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Cauda Equina Misdiagnosis
Successful Compensation Claim After NHS 111 CES Assessment Failings

Successful Compensation Claim After NHS 111 CES Assessment Failings

A substandard response from NHS 111 left Natalie believing that her symptoms did not require emergency treatment.

Natalie had a history of lower back pain and occasional bouts of sciatica so, when she developed familiar symptoms, she went to see her GP. After an examination the pain in her right buttock and running down her right leg was diagnosed as sciatica and she returned home with a prescription of pain relief and an arrangement for an orthopaedic referral.

The following day, however, Natalie's symptoms began to change. The pain she was experiencing had increased and she became aware of unusual sensations around her saddle area, specifically the vagina and anus, including a feeling of numbness and a burning sensation.

Although she had a diagnosis of sciatica, Natalie was worried about her new symptoms and decided to contact NHS 111 for advice. The initial call-handler arranged for a nurse to ring Natalie back, who then recommended that a doctor should speak to her.

The doctor who then spoke to Natalie maintained her diagnosis of sciatica and suggested an increase in her pain relief.

Unfortunately, Natalie's new symptoms of impaired perineal sensation, along with her existing lower back and leg pain, are symptoms of possible cauda equina syndrome. At this point, a more thorough assessment should have prompted Natalie to attend hospital for an MRI scan which would probably have triggered emergency decompression surgery.

However, neither the nurse nor the doctor who spoke with Natalie elicited the necessary information about these highly-important symptoms. The doctor did not ask Natalie about sensory loss or seek clarification of her symptoms. No arrangement or referral for examination was made and no red flag warning was given.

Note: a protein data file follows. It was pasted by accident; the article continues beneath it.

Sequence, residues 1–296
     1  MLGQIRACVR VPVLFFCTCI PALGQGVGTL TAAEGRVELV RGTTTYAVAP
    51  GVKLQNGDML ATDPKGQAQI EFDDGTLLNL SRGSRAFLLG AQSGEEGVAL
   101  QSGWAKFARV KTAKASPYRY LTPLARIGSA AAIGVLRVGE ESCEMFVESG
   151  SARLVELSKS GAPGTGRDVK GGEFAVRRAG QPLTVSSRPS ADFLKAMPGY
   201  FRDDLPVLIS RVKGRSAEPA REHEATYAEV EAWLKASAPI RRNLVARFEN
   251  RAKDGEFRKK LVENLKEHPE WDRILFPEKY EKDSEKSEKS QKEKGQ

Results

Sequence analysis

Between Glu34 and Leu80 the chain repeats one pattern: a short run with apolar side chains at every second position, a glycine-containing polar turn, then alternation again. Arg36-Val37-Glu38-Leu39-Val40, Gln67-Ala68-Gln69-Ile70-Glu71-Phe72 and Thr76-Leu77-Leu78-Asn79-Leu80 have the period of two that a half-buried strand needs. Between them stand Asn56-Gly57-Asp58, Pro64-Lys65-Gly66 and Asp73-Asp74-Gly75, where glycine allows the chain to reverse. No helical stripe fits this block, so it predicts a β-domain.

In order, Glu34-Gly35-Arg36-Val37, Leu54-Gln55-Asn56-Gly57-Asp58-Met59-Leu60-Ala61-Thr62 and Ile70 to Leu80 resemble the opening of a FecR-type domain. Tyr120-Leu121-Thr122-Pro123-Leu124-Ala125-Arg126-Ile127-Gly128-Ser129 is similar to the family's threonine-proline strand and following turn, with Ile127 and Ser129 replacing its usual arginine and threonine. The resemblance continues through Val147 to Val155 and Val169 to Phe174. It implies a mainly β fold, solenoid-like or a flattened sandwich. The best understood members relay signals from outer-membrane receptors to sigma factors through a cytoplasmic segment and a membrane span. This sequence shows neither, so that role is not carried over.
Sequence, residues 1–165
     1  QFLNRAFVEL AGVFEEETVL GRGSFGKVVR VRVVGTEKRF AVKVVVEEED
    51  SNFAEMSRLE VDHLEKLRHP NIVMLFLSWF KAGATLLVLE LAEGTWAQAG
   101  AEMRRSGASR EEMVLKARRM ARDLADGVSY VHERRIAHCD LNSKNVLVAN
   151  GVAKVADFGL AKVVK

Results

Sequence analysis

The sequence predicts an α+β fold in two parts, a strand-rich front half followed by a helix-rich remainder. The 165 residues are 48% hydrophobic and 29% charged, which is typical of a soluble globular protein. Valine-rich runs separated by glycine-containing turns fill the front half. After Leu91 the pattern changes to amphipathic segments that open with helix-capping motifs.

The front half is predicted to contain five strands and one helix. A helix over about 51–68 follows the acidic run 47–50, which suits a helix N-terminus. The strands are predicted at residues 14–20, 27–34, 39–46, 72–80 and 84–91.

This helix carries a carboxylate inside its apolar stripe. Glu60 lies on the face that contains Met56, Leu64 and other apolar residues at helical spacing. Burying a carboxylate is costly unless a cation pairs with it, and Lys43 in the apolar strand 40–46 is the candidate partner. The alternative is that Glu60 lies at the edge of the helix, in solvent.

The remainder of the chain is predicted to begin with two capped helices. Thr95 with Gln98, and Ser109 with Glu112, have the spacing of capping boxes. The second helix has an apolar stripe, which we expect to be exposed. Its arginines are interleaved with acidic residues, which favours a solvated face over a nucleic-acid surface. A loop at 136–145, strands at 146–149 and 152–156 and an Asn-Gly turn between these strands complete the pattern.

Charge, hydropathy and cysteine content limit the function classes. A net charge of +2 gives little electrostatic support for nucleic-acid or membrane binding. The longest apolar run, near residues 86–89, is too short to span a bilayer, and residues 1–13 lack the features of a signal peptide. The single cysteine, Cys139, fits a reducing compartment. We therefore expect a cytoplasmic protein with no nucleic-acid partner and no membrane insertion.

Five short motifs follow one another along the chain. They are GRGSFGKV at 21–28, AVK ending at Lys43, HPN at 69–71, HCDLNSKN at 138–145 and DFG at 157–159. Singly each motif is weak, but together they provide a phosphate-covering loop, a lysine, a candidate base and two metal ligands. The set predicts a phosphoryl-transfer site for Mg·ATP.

Consequently, it was another three days before Natalie attended the Emergency Department at hospital following an episode of urinary incontinence. An MRI scan showed a central disc prolapse and the following day she underwent surgery.

The episode of incontinence was a sign that Natalie's symptoms had deteriorated still further and, as a result of her delayed diagnosis and surgery, she has now been left with permanent bowel and bladder incontinence as well as significant mobility and balance issues.

When Natalie asked Glynns to assess the standard of care she had received, our medical experts agreed that the NHS 111 response had failed her. Furthermore, they noted that, had Natalie been advised to attend hospital following her NHS 111 consultation, it is likely that she would have undergone surgery the following day and have thereby avoided the appalling symptoms she now experiences.

Natalie's life has been turned upside-down by her cauda equina syndrome symptoms. She is unable to work and requires significant support to undertake personal and household tasks. Not surprisingly, it has been extremely difficult for Natalie to come to terms with what has happened to her and the impact it has had on her life.

As a result of the effects of the negligent treatment she received, Natalie was awarded in excess of £1,500,000 in compensation.

(Details which might identify our client have been changed.)

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